Piet van Elk got his artistic education at the Kunstnijverheidschool in Amsterdam. In 1942, he and his brother John self-published the comic book 'De avonturen van Drie Musketiers' ('The Adventures of the Three Musketeers'). Shortly afterwards, the brothers published another book, 'De Avonturen van Ridder Rudolf'.
The Van Elk brothers began an animation studio in Amsterdam in 1942. They created the kitten 'Bim', initially for an animation project, but eventually for a newspaper comic. The character later became a human boy because of a possible resemblance to Marten Toonder's 'Tom Poes'. 'De Avonturen van Bim' was initially written by John van Elk, who died in the Neuengamme concentration camp after having written only three stories. Piet van Elk continued 'Bim' with scriptwriter Eddie Bayer, and when the series stopped in 1951, 28 stories had been published in various newspapers.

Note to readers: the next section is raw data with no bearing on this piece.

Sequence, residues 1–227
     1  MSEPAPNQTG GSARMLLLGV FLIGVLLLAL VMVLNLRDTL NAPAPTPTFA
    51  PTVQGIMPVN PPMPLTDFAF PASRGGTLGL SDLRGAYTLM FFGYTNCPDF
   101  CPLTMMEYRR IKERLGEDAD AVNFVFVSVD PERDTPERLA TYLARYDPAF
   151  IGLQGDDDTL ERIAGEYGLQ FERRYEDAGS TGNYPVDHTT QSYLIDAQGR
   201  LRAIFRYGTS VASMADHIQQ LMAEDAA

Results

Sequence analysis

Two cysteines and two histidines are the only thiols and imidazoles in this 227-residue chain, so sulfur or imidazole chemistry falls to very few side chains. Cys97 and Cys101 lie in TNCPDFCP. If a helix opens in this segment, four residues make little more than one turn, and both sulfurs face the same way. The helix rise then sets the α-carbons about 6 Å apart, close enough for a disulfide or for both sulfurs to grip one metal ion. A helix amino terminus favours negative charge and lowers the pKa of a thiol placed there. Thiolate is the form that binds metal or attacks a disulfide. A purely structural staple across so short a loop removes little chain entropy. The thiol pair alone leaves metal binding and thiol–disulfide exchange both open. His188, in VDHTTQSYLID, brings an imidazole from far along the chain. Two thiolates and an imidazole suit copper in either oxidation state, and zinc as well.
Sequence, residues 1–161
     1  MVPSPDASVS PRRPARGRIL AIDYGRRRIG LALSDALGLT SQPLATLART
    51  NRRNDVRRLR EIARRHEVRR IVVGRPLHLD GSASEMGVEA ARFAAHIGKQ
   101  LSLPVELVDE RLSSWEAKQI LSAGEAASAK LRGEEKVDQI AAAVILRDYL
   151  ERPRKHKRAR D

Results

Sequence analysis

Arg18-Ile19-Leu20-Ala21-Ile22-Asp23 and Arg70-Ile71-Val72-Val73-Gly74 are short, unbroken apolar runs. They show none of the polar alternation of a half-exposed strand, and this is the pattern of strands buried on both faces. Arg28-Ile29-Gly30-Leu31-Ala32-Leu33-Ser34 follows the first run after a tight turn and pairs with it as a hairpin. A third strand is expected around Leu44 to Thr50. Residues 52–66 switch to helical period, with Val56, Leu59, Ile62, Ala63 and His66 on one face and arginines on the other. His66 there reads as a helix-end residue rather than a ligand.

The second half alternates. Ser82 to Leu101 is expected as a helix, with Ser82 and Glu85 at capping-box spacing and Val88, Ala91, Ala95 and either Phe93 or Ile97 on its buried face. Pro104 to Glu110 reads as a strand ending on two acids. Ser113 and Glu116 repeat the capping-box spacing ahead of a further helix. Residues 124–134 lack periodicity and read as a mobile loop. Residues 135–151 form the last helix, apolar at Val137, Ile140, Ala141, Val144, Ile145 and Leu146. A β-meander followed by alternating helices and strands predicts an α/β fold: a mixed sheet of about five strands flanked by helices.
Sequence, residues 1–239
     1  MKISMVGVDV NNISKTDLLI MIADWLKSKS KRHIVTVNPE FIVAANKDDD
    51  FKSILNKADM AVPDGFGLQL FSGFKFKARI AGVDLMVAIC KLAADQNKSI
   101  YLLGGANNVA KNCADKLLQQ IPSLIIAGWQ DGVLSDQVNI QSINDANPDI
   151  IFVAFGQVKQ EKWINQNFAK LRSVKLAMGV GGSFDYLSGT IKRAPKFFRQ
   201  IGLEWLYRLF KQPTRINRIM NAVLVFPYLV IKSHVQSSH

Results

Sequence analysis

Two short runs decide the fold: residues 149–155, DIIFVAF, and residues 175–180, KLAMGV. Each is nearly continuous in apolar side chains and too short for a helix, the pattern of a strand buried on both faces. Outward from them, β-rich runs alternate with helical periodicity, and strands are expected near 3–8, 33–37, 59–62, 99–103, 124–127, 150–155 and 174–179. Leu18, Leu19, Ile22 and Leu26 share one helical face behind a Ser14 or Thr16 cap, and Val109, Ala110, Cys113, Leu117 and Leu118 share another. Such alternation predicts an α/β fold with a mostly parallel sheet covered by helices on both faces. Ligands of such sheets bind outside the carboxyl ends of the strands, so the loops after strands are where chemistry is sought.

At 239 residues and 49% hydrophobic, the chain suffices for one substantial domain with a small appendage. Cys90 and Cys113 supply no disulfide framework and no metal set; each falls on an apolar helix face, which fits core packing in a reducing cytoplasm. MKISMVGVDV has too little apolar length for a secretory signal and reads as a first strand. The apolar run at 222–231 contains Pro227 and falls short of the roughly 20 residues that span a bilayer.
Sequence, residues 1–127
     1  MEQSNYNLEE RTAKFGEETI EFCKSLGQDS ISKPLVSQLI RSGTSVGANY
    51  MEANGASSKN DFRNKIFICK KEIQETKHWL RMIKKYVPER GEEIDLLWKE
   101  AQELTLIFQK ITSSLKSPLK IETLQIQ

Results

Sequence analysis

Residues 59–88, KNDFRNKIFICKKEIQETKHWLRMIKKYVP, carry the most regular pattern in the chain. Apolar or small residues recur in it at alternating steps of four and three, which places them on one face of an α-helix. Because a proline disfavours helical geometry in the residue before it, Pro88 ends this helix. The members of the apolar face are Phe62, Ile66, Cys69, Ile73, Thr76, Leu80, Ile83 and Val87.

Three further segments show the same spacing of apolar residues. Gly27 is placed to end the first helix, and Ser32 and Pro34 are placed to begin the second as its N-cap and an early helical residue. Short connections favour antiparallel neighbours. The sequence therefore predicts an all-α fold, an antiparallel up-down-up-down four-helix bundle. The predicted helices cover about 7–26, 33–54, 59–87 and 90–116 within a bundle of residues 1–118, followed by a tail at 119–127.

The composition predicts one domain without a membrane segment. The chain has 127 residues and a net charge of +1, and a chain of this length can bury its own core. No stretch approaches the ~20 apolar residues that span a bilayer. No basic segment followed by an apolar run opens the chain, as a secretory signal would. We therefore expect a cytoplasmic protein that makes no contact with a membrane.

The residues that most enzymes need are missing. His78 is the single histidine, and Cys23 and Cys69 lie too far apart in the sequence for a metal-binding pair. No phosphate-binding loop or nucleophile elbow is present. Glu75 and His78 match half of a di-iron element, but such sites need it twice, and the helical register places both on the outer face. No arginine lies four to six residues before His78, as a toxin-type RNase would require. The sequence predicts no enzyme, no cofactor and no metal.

Shortly after the War, Van Elk began the magazine Stripfilm, which he filled with the work of Henk Albers, Albert van Beek and Siem Praamsma. When the magazine folded, the studio focused on producing comics for regional and Belgian newspapers, and was joined by the artists Francis Paid, Willy Kuyper, Flip van der Schalie and Hans Nije.
During the same period, Van Elk and Bayer published 'Dokie Durf' in several newspapers through the Persbelangen agency. In addition, Van Elk made 'Berry en Terry' in Het Parool and 'Oem' in Trouw. Piet van Elk settled in the south of France in 1952. Upon his return, he went to work in animation. In 1962, he left for the U.S., where he did animation work for the Hanna-Barbera Studios, painting backgrounds on among others 'Scooby Doo'. He died in 1994, during a visit to Holland.
Piet van Elk biografie